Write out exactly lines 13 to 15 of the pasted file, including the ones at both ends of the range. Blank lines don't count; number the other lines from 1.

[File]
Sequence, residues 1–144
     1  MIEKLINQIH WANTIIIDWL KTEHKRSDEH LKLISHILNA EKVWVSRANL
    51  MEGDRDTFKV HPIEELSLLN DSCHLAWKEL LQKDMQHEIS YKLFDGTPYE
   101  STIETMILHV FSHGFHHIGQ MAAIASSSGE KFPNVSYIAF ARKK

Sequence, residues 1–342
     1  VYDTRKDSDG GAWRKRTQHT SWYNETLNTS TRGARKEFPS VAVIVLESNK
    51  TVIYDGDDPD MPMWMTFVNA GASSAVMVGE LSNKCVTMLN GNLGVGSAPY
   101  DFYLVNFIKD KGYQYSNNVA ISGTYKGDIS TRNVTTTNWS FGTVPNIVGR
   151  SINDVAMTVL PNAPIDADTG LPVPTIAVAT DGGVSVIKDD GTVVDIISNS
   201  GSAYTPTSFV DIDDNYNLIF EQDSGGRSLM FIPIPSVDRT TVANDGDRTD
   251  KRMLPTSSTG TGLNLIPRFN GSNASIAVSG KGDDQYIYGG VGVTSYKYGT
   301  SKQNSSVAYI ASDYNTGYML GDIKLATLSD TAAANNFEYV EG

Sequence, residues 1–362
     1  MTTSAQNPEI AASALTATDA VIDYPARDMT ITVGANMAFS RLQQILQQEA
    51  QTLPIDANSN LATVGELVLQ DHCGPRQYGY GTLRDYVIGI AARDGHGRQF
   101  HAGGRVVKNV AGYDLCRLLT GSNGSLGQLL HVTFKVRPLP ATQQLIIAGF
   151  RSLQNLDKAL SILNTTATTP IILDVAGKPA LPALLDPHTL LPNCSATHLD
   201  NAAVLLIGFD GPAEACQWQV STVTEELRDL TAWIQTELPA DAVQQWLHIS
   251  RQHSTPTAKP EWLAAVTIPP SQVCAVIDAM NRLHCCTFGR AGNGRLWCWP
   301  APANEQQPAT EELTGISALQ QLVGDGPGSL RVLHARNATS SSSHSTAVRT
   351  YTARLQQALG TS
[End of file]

Sequence, residues 1–362
     1  MTTSAQNPEI AASALTATDA VIDYPARDMT ITVGANMAFS RLQQILQQEA
    51  QTLPIDANSN LATVGELVLQ DHCGPRQYGY GTLRDYVIGI AARDGHGRQF